Tuesday, 19 August 2014

A number of things work firmly in our favour.

(Boat Chalice - posted by Alan)
Post for Tuesday 19th August.

Boseley top lock
Our fairly challenging target throughout our big Northern adventure has always been to be back to Alvecote Marina on the Coventry canal in time for the big historic boat event there on the Bank Holiday weekend, (now only a few days away).  This was always going to be tight, and relied heavily on us not "breaking" the boat not breaking, or no relevant parts of the canal infrastructure breaking.

We failed the first test somewhat, initially only slightly, when Cath got sick for a day or so, but rather more so when my tumble from a bike resulted in the need for a hospital visit.

Boseley locks
So far though, the boat has behaved itself, touch wood, (well oak faced plywood actually!).

On the canal infrastructure side we have got lucky.  we missed by a few days closures of the Wigan flight due to inability to keep the pounds filled with water - we also missed a boat sinking incident elsewhere on the Leeds and Liverpool.  Now as we return to the Trent and Mersey, part of that is shut due to a lock problem, but mercifully on a stretch to the North of any part we need to use.

So, as you can see, if you set a reasonably tight timetable for a trip, there is always the possibility that something will stop you being able to achieve it.
The other thing we have had to plan around are anything with opening times, or where a booking is needed.  For example a booking is needed for a mid-week passage through Tuel Lane lock on the Rochdale, but equally something like the far more used Harecastle tunnel on the Trent and Mersey requires that you are there before a certain time to guarantee a passage that day. 

The attractive surroundings at Hall Green stop lock.
Finally, even in "normal operations" if you have to pass through a flight of locks, it is very hard to predict timings, as it heavily depends on who else is using them, and how efficient they are about it.  One person ahead with a "shiny boat" that doesn't want to rub any blacking off the hull, and will hence only part open the paddles can slow everybody else down massively.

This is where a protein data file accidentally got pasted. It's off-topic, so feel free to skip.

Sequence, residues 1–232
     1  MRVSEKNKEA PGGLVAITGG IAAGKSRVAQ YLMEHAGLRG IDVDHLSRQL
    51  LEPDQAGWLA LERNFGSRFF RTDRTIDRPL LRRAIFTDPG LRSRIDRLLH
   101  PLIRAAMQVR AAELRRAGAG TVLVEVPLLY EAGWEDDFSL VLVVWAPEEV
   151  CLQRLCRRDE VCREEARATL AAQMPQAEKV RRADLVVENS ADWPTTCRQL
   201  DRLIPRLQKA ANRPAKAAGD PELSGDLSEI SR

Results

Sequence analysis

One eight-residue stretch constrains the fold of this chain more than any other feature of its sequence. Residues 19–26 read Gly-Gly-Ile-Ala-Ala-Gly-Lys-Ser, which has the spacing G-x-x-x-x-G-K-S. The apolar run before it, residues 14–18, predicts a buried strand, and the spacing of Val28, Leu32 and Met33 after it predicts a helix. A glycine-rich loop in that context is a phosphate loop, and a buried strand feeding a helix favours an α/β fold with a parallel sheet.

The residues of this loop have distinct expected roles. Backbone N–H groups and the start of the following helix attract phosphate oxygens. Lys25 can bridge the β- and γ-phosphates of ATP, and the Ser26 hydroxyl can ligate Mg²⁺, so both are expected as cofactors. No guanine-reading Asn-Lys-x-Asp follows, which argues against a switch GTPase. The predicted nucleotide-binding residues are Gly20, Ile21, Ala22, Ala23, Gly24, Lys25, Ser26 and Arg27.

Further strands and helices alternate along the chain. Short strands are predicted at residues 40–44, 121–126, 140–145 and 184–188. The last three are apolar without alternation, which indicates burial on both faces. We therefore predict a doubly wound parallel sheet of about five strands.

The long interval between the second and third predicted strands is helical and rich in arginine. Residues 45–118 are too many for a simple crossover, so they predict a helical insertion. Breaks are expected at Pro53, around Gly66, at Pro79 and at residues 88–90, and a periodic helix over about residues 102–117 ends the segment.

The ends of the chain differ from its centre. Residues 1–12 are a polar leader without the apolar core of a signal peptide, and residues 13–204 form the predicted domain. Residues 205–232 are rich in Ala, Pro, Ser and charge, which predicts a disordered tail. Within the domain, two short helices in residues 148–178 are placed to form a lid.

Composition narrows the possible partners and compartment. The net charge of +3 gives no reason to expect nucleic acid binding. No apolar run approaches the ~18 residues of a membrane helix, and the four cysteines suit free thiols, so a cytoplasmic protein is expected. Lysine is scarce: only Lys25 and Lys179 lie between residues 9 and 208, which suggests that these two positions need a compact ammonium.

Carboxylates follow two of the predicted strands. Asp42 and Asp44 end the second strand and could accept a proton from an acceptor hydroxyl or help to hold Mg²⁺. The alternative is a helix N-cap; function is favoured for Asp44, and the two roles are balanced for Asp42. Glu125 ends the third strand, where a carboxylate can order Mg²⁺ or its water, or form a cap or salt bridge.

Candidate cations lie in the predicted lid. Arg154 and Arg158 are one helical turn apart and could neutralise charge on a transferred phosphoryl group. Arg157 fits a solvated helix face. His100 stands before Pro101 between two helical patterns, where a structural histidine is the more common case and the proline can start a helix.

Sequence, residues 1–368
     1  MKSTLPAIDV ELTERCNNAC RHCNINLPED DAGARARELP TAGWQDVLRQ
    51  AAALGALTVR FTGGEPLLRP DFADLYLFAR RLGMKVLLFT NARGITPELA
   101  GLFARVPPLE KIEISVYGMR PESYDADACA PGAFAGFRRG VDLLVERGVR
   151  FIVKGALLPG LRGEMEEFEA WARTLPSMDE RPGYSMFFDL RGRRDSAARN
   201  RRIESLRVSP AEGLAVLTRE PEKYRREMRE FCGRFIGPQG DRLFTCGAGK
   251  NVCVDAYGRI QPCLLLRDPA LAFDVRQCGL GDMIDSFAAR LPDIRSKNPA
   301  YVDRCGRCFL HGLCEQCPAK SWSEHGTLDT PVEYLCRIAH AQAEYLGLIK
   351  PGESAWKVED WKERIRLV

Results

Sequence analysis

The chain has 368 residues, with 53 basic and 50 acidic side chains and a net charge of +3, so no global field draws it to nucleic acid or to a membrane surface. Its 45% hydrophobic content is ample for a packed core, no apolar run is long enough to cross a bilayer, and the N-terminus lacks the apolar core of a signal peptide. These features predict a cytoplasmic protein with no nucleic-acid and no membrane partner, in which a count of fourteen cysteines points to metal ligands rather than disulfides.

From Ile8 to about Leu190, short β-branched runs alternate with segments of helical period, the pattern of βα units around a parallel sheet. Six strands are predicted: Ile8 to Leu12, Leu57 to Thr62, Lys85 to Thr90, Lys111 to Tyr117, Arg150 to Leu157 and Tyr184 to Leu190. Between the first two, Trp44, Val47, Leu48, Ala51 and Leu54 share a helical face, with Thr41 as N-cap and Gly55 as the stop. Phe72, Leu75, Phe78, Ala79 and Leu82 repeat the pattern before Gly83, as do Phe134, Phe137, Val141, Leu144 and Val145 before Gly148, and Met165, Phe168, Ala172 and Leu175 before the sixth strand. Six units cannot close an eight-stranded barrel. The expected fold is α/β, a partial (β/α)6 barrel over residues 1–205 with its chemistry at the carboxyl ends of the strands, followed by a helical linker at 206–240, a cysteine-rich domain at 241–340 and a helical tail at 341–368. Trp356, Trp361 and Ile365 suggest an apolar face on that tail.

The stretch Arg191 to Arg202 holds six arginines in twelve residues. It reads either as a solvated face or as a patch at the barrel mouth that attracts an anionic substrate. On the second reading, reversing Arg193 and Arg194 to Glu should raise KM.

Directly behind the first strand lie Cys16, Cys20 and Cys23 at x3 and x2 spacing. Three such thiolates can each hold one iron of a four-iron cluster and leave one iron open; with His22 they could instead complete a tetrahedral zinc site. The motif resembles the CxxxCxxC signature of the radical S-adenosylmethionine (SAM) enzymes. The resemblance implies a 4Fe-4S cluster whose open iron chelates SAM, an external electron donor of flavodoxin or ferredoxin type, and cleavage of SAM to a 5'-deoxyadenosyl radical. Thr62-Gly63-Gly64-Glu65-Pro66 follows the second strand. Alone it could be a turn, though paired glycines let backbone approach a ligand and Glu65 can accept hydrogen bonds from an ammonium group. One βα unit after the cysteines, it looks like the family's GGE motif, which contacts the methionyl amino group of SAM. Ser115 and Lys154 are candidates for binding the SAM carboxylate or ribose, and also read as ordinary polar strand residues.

Although trying to press on as far as we can do each day has been important, last night I wanted to meet with an old work colleague who lived nearby, and any of the places we might have pressed on to did not yield a decent pub, so we stopped somewhat earlier than usual, leaving us inevitably with some catching up to do today.

So how did all this map out in terms of progress today?  The answer is "it has been a good day", (other than the intermittent heavy rain showers we have regularly had to endure!).  We made good progress to the only significant locks of the day, the twelve downhill locks at Boseley.  These proved somewhat unusual compared to our recent lock experience in that every single gate and paddle worked exactly as it should.  They are a relative delight to work through and the scenery is stunning.

Waiting for a passage - North end of Harecastle tunnel.
What else went well?  Well a boat that pulled out in front of us, and then moved very slowly, soon spotted us behind, and waved us past, so no real delay there either.

What really mattered was would we reach the Northern end of Harecastle Tunnel in time to be allowed a passage through today.  It is a most uninviting place to spend a night, (indeed it is recommended not to do so), but we arrived there in plenty of time, well ahead of rough estimates I had made at the start of the day.

Further good news proved to be the passage though.  We were boat two out of a total of three, and I always hate a slow passage following other boats, as it is much easier to be in full control with a bit of speed on.  Fortunately the boat in front understood this, and held us up not at all, but I estimate the one following was going so slowly that by the time we left the South end, he was no more than half way through.  It's a bit of a nightmare to be behind someone like this!

Westport lake.
And the day yielded yet one further good result.  "Sickle" is still at Grendon dock, some miles past Alvecote, where the event will be held this weekend.  We thought we had to travel down to Grendon, and collect "Sickle".  However, I have been contacted - they are short of mooring space at Grendon - do I mind if they bring "Sickle" up to Alvecote?  Well of course I don't - its ideal, and saves us quite a few hours of travelling.

We moored at Westport Lake, North of Stoke on Trent.  Odin got a half decent walk around it, but although he might have liked to take his first swim since his brush with death, we didn't at all like the look of the green stuff floating in the water, and ruled it a "bad idea".  If it was the rather horrible "blue green algae" there were no warning signs to that effect, but either way, we were not risking it.

Gurnett Aqueduct (Macclesfield canal) to Westport Lake (Trent & Mersey)
Miles:  18.9 (Chalice), 0 (Sickle), Locks: 13

Total Miles: 652.0, Locks: 452

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